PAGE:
State AG recommends retraining for a Montgomery County police department after allegations of racism
The 11-member New Hanover Township Police department came under investigation this summer after a formal complaint from the local NAACP.
A rural police department in northern Montgomery County must institute new training policies, including for its top officers, after a months-long probe by the state Attorney General’s Office into allegedly racist and abusive behavior.
Members of the New Hanover Police Department must undergo antibias and anti-harassment training, and the department’s chief must “personally model the non-biased, culturally inclusive conduct expected of all members,” at the direction of the state agency.
The recommendations come after Attorney General Josh Shapiro began investigating the department in July at the request of the Pottstown branch of the NAACP and Rep. Madeleine Dean (D., Pa.).
Their concerns stemmed from a complaint filed last year by a former New Hanover Township police officer who described a racist and toxic work environment in the department. Keith Youse filed the complaint after finding an egg roll in his personal belongings when he retired. He said he interpreted that as a slight against his wife, Sandy, who is Korean American.
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Youse also said Police Chief Kevin McKeon and another senior officer in the department regularly used racial slurs, including the N-word.
State investigators made no conclusions about the allegations against the department but suggested that retraining was necessary. Shapiro, in a statement Tuesday, said township officials agreed to his office’s recommendations.
“We appreciate the NAACP Pottstown’s assistance on this matter, and its steadfast commitment to racial justice,” Shapiro said. “These changes are a starting point — I’m hopeful that New Hanover and their leadership can take these changes to heart and build a stronger, more equitable department.”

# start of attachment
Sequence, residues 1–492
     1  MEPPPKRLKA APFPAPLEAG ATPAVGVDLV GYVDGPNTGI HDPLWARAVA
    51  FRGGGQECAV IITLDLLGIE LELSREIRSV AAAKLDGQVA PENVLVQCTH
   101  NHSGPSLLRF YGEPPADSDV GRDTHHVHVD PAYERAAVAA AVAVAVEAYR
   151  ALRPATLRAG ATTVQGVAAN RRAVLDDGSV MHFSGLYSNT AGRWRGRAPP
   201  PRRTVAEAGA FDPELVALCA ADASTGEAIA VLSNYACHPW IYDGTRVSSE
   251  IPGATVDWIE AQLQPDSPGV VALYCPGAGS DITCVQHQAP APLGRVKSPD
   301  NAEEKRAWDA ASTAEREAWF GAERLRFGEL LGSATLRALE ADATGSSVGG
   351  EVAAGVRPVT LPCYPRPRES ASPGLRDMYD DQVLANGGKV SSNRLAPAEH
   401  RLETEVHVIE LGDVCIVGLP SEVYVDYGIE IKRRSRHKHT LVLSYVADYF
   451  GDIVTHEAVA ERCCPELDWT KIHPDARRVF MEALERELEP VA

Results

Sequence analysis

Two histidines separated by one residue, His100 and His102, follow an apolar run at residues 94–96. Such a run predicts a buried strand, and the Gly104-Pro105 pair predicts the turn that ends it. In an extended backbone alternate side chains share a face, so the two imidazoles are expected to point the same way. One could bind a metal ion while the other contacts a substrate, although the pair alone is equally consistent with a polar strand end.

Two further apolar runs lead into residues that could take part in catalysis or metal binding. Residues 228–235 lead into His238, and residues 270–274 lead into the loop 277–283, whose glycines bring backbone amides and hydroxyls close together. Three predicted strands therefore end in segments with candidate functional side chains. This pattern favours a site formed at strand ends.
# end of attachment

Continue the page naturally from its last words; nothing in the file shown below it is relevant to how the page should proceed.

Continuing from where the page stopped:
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Efforts to reach officials in the township police department were unsuccessful Tuesday.
Youse, for his part, said he was thankful for the work done by Shapiro’s office and the NAACP.
”Hopefully nobody in the community will have to be affected by these kind of issues, nor will any officers in the department or those from other departments who have to collaborate with New Hanover,” he said.
A northern suburb of Pottstown, New Hanover is patrolled by a police force of 11 officers, all of them white. Of the town’s nearly 11,000 residents, 95% are white, according to U.S. Census data. The officers who patrol the township respond more frequently to traffic collisions and burglar alarms than violent crime.
Johnny Corson, president of the local NAACP chapter, has frequently attended township meetings since Youse’s complaint and says his organization will continue to work with the municipality.
“We value our relationship with police. We thank the Attorney General’s Office for their thorough and timely investigation,” he said. “We remain resolute in our stance against racism and injustice in our community and will continue to push for change and equity.”